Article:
The genocide in Rwanda, whose 20th anniversary is being observed worldwide this month, began only a few days after Easter. That the hatred that cost the lives of a million people in this overwhelmingly Christian country could be unleashed so near to Holy Week seems paradoxical, ironic or even blasphemous.
But for Jean Bosco Rutagengwa, it is most of all a searing mystery. “This country went through what Jesus Christ went through,” he said of his homeland. “Life, death and resurrection.”
Rutagengwa and his wife, Christine, survived the killing 20 years ago, taking refuge in the Hôtel des Mille Collines (the subject of the 2004 film “Hotel Rwanda”). Now residents of Nashua, N.H., and the parents of University of Notre Dame freshman student Christine Rutagengwa, they returned to Rwanda last December.
The Rutagengwas joined a team of Notre Dame theologians and others led by Rev. Daniel Groody, C.S.C., associate professor of theology and director of the Center for Latino Spirituality and Culture at Notre Dame, to make a short film, “Return to Rwanda: A Journey of Hope.”
“We went to Rwanda to enter into both the history of the events of the genocide and the challenges they present to all of us, especially as we search to know the God who is present among us in the Incarnate Word,” Father Groody said. “We are still looking for the best venues to disseminate the film, but for now we wanted to get it out by the 20th anniversary of the genocide in order to remember the victims and provide a space for people to tell their story. As the events of the genocide happened around the time of Holy Week 20 years ago, we hope it will also be an occasion today to remember all those who suffered such tragedies, and to reflect on both the difficult questions and the faith that emerge from this context.”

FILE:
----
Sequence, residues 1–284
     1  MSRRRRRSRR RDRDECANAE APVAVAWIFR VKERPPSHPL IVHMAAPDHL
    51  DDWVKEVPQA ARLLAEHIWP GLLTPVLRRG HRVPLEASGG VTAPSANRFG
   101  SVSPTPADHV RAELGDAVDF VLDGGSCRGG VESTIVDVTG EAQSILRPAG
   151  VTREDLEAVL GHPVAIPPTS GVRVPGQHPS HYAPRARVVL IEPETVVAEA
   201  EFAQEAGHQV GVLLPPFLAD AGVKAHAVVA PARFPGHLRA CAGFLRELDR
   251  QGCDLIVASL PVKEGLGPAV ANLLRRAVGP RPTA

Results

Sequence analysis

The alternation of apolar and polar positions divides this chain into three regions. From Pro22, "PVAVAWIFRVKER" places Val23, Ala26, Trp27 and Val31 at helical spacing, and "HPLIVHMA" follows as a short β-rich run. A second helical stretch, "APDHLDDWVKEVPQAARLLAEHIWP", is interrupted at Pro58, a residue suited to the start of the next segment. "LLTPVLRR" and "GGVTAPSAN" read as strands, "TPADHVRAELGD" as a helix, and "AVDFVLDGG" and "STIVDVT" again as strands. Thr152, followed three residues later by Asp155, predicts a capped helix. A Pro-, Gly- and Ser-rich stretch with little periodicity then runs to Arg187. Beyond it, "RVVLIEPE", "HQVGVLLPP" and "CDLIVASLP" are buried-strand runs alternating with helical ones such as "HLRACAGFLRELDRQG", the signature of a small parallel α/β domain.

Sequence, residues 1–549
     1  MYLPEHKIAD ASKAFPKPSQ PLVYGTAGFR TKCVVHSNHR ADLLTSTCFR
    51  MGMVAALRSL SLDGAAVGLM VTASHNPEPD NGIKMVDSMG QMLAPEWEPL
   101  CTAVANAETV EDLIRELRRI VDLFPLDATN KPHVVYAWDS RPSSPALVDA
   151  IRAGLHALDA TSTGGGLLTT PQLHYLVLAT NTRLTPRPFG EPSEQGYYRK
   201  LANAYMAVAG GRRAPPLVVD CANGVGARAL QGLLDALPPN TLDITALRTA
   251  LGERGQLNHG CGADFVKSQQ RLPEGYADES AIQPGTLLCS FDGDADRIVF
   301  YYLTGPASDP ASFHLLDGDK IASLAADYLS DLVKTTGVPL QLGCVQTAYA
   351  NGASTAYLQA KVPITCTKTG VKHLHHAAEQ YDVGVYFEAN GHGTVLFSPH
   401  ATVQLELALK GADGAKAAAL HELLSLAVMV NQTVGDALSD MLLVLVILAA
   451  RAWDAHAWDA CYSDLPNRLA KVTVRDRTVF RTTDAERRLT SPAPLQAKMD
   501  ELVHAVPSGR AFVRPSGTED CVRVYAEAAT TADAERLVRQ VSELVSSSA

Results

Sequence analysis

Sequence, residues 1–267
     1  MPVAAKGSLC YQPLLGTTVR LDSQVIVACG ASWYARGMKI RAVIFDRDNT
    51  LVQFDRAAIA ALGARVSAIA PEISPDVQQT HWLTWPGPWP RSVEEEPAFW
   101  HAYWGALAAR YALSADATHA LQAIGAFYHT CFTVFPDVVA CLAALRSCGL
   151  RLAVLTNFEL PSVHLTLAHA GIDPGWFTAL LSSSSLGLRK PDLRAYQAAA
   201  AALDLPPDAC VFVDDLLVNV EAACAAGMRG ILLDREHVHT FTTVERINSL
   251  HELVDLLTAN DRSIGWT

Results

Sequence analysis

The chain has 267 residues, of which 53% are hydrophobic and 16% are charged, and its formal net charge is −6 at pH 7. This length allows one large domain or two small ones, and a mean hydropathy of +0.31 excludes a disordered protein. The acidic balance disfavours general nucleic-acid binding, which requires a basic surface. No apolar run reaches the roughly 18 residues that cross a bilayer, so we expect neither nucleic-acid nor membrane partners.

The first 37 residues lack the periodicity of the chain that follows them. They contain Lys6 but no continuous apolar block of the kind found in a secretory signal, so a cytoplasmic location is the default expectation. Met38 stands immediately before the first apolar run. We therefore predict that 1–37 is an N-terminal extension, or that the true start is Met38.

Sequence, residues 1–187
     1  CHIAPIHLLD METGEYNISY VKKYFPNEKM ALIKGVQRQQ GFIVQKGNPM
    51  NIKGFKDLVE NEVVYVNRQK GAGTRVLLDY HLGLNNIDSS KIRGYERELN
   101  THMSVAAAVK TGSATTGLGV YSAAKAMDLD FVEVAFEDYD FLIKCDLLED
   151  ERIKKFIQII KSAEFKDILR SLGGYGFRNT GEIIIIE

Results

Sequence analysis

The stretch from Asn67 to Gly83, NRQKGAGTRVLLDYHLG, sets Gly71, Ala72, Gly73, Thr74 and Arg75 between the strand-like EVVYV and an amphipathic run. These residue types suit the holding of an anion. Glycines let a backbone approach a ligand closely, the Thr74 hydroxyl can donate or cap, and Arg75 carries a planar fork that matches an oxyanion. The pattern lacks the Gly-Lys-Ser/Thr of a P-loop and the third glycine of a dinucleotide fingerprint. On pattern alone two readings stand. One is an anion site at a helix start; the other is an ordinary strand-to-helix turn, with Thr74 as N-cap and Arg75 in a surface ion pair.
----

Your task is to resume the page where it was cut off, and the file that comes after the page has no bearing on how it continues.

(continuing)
Other members of the team, all of whom stayed at the Hôtel des Mille Collines during their visit, were Rev. Virgilio P. Elizondo, professor of pastoral and Hispanic theology, and Colleen Cross, project coordinator of Notre Dame’s Institute for Latino Studies.
“Our research in Rwanda emerged from the desire to understand human life and God’s presence within it, from contexts of acute vulnerability, among the poor and suffering, among those who are crucified today,” Father Groody said. “Jesus himself lived and ministered and walked amid such contexts, and theologically speaking, such margins are places of great revelation.”
According to Father Groody, “the Rutagengwas asked us to walk with them in the search to understand where God was in the context of genocide. The golden thread of such research is to try to understand the dynamics of how people believe amidst such unbelievable circumstances, how they find hope amidst such hopeless situations, and how they find strength to trust in God amidst the evil of genocide. In all of this, it is a process of faith seeking understanding from the context of human suffering and the search to find the seeds of resurrection as they burst forth amidst the darkness of our world today.”
Contact: Colleen Cross, 574-631-8396, email@example.com
Originally published by news.nd.edu on April 15, 2014.at